Second World Problems
Time management is its own thing here. This wasn’t the morning plan, but I suddenly realized now would be a good time to clean up the kitty litter kicked onto the carpet by the beloved fur kids. We are on city power—for now.
We were still on city power a half hour ago, but to be sure I cross the apartment, enter the guest room, step onto the back balcony and peer across the street to check for the little flood light on the third floor of our neighboring building. A lit bulb means that city power is off—and we are now on generator, which means most of our appliances—washer, water pump, A/C, etc. have to be quickly switched off if I don’t want to blow a fuse and trek four floors down to the basement electrical panel (our first year learning curve included a minimum of three basement treks per day). We always check the little next door flood light before turning anything big on, ‘cause you never really know when we will be on city power or not. There is a regular schedule for when we “should” have city power but, of course, as our local friends joke, “this is Lebanon.”
No bright flood light means I have enough power to vacuum, at least till noon if the power holds to its usual weekend schedule. While I’m at it, I flip the water pump on and toss a load of clothes in the washer—might as well Carpe moy (“seize the water”—I just made up a Latin/Arabic hybrid phrase).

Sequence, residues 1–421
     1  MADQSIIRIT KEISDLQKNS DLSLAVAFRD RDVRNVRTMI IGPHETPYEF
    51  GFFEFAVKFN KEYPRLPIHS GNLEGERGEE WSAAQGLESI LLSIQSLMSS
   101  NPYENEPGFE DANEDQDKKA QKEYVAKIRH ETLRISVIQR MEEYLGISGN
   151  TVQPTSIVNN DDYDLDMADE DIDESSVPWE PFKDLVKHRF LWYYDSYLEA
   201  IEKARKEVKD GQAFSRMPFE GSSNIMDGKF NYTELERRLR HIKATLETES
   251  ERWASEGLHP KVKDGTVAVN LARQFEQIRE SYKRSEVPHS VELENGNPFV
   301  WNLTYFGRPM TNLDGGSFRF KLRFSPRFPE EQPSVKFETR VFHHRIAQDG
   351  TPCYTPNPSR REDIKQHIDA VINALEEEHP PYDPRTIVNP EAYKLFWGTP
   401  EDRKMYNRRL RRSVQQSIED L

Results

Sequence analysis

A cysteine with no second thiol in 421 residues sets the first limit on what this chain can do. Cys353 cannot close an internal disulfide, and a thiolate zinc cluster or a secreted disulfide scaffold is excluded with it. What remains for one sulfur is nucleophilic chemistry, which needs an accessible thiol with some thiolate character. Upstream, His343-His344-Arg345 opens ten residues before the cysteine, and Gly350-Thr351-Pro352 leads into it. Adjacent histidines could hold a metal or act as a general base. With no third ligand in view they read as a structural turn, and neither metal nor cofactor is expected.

My next step in vacuum prep is to unplug our 30 lb. black box power converter which is currently powering “MY PRECIOUS” (expresso machine) in the kitchen. This converter lets me use our US appliances (our big Christmas splurge last year was to buy this bad boy in the States—can’t get ‘em here—and pay an extra $200 to bring it back on the plane). I lug the converter across the apartment, plug everything in, and fire up the Bissel.
Kitty litter all swept up in about 20 seconds.
Well, at least we have city power part of the day.
That’s better than in Syria.
Here in Lebanon, because of the civil war two decades ago, public utilities were bombed so all buildings now are set up to run on their own private generators. The government provides power for about 6-8 hours a day, and the rest of our power needs we get from our generators.
The problem in Syria right now is that the government ran very well and things like education, medical care and utilities were very reliable. Cities and neighborhoods in Syria had no need to install large generators—until four years ago when the power grids were among the first things to get bombed. Everything now is powered by small portable generators, which run on (if you can get/afford it) degraded fuel. The smog from this degraded fuel fills up the homes and the cities and is creating major respiratory problems—especially for the children and the elderly.
So, I’m ok checking for the little flood light across the street and lugging my black box converter across the apartment.
It’s a second world problem. I can deal with it.